Jim McLean

Jim McLean, Executive Editor of KHI News Service, oversees the KHI News Service. From 2005 until 2013, McLean coordinated all communications activities at KHI as Vice President for Public Affairs. The position he now occupies was created as part of a strategic initiative to solidify the editorial and operational independence of the KHI News Service. Prior to coming to KHI, McLean had a distinguished career as a journalist, serving as the news director and Statehouse bureau chief for Kansas Public Radio and a managing editor for the Topeka Capital-Journal. During his more than 20 years in Kansas journalism, McLean won numerous awards for journalistic excellence from the Kansas Press Association, regional chapters of the Society of Professional Journalists and the Kansas Association of Broadcasters. In 1997, McLean and two Capital-Journal colleagues received the Burton W. Marvin News Enterprise Award from the University of Kansas William Allen White School of Journalism for a series of stories on the state’s business climate. McLean holds a bachelor’s degree in political science from Washburn University.

PHIL CAUTHON, KHI NEWS SERVICE

Thirty-year-old Brandon Brown was released from the Osawatomie State Hospital on May 14. Three days later, he allegedly attacked a fellow patient at the Haviland Care Center, a nursing facility that specializes in caring for adults with mental illness.

The victim, 61-year-old Jerry Martinez, recently died. And Brown has been charged with second degree murder. The incident has prompted new questions about staffing and budget issues at the state’s two hospitals for the mentally ill.

Kaiser Family Foundation

The U.S. Supreme Court’s rejection of the latest legal challenge to the Affordable Care Act preserves federal tax subsidies that nearly 70,000 Kansans used this year to help them purchase health insurance.

If the decision released Thursday had gone the other way, those Kansans, many of whom were previously uninsured, might have been forced to drop their coverage.

PHIL CAUTHON, KHI NEWS SERVICE

A state official on Wednesday announced that Osawatomie State Hospital has stopped admitting patients.

Addressing a meeting in Topeka of the Kansas Mental Health Coalition, Ted Jester, assistant director of mental health services at the Kansas Department for Aging and Disability Services, said admissions were suspended Saturday evening when the hospital’s census reached 146 patients.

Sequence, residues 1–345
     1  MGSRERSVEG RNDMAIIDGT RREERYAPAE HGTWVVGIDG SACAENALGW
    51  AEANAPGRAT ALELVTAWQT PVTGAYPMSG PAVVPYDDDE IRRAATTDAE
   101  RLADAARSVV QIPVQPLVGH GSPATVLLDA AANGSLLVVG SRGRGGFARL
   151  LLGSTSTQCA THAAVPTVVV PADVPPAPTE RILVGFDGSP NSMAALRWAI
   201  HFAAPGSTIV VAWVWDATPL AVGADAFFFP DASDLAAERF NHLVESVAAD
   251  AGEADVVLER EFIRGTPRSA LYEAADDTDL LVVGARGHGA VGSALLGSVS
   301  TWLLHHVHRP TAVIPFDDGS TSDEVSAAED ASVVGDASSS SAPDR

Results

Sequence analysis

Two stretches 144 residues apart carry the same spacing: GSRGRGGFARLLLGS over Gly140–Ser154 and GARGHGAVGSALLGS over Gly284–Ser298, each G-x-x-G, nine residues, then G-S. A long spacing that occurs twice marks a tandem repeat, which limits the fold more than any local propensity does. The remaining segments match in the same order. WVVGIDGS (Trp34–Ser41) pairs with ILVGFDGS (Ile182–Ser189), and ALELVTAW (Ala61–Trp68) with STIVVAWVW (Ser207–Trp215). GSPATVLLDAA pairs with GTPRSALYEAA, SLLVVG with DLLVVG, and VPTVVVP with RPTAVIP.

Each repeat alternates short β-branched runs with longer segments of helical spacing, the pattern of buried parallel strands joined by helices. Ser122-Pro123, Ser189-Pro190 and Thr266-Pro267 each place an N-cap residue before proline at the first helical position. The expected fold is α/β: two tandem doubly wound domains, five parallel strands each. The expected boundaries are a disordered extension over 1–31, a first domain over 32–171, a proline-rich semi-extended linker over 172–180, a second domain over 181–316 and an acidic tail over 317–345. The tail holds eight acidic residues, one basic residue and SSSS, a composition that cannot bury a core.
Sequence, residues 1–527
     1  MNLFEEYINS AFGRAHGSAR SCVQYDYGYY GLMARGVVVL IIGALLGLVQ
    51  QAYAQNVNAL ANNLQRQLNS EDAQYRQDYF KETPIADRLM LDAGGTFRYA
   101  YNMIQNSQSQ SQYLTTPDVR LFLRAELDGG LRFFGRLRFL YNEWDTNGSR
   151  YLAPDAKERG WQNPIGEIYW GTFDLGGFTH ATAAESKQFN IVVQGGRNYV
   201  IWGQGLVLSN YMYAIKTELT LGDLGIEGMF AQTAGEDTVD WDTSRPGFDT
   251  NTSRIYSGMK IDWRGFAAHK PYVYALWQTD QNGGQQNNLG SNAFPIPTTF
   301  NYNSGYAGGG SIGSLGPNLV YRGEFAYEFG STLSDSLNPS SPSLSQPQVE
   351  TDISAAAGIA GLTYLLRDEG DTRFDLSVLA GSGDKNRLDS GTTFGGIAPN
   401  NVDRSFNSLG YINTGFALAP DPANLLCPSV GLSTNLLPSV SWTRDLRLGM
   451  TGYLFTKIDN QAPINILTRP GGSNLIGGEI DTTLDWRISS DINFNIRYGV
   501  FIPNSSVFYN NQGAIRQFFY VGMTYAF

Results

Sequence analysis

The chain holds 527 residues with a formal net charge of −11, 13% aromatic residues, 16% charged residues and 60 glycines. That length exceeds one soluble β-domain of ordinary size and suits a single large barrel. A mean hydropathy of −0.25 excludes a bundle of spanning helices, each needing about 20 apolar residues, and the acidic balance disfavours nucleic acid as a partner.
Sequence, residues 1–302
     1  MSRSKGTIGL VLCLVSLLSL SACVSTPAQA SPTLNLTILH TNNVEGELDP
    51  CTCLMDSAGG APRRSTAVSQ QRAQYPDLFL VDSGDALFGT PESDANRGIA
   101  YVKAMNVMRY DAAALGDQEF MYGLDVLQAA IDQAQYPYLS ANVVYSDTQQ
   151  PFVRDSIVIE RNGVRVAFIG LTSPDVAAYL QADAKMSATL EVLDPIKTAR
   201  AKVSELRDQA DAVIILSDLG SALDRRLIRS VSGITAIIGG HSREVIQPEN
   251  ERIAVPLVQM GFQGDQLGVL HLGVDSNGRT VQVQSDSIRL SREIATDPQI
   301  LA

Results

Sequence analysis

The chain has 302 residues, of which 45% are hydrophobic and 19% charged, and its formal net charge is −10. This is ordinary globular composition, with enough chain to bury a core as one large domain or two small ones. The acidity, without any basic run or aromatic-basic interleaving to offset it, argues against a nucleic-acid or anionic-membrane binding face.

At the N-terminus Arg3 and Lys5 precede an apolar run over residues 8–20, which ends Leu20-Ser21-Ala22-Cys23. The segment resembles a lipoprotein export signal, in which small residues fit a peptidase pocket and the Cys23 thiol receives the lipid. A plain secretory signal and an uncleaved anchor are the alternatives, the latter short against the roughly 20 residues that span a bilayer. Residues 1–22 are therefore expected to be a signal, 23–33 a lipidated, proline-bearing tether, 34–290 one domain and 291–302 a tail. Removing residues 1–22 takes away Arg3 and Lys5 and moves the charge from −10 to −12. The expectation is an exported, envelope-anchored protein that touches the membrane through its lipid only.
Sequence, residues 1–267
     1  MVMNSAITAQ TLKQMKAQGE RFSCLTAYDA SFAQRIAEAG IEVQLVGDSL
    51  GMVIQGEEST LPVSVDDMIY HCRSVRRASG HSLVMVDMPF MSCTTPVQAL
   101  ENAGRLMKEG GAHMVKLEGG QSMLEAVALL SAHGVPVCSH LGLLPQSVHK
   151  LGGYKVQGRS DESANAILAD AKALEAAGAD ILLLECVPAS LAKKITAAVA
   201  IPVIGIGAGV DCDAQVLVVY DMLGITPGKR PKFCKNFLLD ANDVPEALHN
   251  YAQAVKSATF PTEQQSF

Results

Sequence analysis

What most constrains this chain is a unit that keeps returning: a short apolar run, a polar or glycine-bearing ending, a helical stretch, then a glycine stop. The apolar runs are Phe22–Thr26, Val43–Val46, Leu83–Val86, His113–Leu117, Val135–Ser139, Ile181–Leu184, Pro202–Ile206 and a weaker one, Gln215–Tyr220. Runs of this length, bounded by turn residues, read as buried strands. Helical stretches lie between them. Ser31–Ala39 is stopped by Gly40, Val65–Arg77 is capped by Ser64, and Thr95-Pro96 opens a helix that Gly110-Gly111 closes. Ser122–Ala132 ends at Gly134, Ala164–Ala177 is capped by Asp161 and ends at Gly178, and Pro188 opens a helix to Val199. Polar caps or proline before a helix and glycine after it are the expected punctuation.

Stephen Koranda file photo

Kansas already had the ninth-most regressive tax system in the nation, according to the Institute on Taxation and Economic Policy.

The tax increase signed last week by Gov. Sam Brownback to balance the budget and end the longest legislative session in state history will make the system less fair to low- and middle-income Kansans, said Matt Gardner, executive director of the nonpartisan think tank based in Washington, D.C.

Gage Skidmore, flickr Creative Commons

Governor Sam Brownback is defending the tax package passed by the state Legislature in the final hours of its 113-day session. Jim McLean has more.

From the Associated Press:

Republican Gov. Sam Brownback said Tuesday that Kansas isn't really increasing taxes even though the state will raise its sales and cigarette taxes to balance the budget.

Jim McClean

The legislator leading a faction of Kansas House members pushing to reinstate taxes on business owners exempted by the 2012 tax cut law has given up the battle--for now, at least.

Rep. Mark Hutton, a conservative Republican businessman from Wichita, said Wednesday that a veto threat from Gov. Sam Brownback and other factors meant that continuing the fight would make it more likely that lawmakers would go home without balancing the budget, forcing Brownback to make across-the-board spending cuts to erase a projected deficit of roughly $400 million.

Stephen Koranda

Kansans will pay higher sales and cigarette taxes under a tax plan approved by a single vote Sunday in the state Senate. The tax increases are needed to balance the state budget. But as Jim McLean reports, the House hasn’t yet considered the plan. That vote is scheduled for Monday afternoon.

Kansas Legislature

Before the start of this year’s legislative session, few would have predicted that Wichita Republican Mark Hutton would spearhead an effort to roll back some of the income tax cuts championed by Gov. Sam Brownback. Hutton, after all, is a conservative businessman whose campaign website boasts of his efforts to lower taxes. But as Jim McLean reports from the Statehouse, Hutton is taking the governor on because he doesn’t believe the tax cuts are fair.

Several Kansas lawmakers are telling Republican leaders they won't vote to increase taxes unless they also get a chance to vote on a Medicaid expansion plan.

The legislator leading the effort says including expansion in the package being negotiated to balance the budget could influence the votes of up to 20 moderate Republicans in the House.

Jim McLean has more.

UPDATE: Gov. Brownback Signs Emissions Reduction Plan

May 29, 2015
D1V1D, flickr Creative Commons

Governor Sam Brownback says federal regulators are moving too aggressively to reduce emissions from coal-fired power plants. The governor signed a bill yesterday requiring state agencies to craft a state plan and to resist federal efforts if necessary. More from Heartland Health Monitor’s Jim McLean.

 

More from KHI News Service's Andy Marso:

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